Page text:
Consumer price growth in the 19 countries that use the euro has raced to 10.7% in October from 9.9% in September. This latest data is putting pressure on the European Central Bank (ECB) to act more aggressively to tackle inflation.
A key inflationary measure that excludes unprocessed food and energy accelerated to 6.4% from 6%. The ECB’s stated goal of keeping inflation at below 2% on a sustainable basis is currently a long way off.
Results of the ECB policy meeting last Thursday had pushed investors to bet on a slower pace of rate hikes, but policymaker comments since the meeting and elevated price pressures suggest the central bank remains in tightening mode.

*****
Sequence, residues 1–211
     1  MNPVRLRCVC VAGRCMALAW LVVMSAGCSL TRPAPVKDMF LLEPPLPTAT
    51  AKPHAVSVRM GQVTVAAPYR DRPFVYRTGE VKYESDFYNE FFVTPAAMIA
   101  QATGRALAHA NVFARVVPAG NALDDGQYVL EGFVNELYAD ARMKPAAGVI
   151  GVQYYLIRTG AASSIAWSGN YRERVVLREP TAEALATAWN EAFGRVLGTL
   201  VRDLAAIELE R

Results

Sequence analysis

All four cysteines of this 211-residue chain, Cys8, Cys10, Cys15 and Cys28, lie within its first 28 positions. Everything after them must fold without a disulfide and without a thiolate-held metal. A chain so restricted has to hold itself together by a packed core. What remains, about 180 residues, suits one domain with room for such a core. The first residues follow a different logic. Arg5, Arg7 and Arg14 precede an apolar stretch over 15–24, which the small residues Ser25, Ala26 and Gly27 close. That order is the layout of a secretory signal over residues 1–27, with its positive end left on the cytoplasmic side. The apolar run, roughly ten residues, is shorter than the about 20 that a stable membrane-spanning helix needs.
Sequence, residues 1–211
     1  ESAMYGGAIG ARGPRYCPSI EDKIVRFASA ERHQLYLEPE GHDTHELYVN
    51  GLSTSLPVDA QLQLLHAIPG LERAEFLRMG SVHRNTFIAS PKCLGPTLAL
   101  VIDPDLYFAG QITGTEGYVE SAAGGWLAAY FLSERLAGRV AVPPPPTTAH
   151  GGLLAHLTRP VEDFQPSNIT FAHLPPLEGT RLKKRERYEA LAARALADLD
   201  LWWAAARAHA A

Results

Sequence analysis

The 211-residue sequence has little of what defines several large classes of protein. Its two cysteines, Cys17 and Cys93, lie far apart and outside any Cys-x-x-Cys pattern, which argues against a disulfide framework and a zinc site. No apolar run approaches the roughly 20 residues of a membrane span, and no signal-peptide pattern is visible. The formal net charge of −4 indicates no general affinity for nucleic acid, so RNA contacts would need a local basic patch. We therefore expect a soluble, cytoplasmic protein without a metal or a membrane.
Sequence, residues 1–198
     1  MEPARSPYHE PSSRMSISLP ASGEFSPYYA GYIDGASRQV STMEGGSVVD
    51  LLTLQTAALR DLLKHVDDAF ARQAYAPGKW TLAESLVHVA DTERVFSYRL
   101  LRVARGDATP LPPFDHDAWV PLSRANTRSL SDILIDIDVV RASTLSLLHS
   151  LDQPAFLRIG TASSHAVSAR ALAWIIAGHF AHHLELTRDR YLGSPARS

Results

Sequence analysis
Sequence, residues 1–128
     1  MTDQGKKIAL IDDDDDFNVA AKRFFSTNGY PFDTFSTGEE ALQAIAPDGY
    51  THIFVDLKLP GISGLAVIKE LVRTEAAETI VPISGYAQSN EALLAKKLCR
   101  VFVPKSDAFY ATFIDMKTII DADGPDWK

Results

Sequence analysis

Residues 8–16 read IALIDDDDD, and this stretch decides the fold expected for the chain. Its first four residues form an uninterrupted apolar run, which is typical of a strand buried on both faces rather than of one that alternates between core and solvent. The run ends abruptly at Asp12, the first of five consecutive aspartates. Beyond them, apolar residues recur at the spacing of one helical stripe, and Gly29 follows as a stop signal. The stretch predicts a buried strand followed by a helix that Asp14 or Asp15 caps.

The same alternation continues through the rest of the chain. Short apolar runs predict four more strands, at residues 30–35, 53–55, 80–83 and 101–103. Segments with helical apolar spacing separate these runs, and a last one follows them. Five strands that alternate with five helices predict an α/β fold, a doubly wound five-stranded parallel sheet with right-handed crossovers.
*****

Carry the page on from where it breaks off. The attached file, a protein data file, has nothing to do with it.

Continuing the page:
Money markets are pricing in a 50-basis point rate hike at the December meeting, with about 140 basis points of further tightening expected for the remainder of this contractionary cycle.
What does this mean for me?
Eurozone government bond yields responded by rising further after it was revealed that consumer prices climbed at a record pace in October. Italy’s 10-year government bond yield climbed nine basis points to 4.24%.
In the last few weeks, a raft of central banks, including the US Federal Reserve, the Bank of Canada, and the Reserve Bank of Australia, have all increased their interest rates in the continued fight against high inflation. For most of this year, the ECB has been slow to increase its interest rates. However, the latest inflation readings could put it under pressure to change.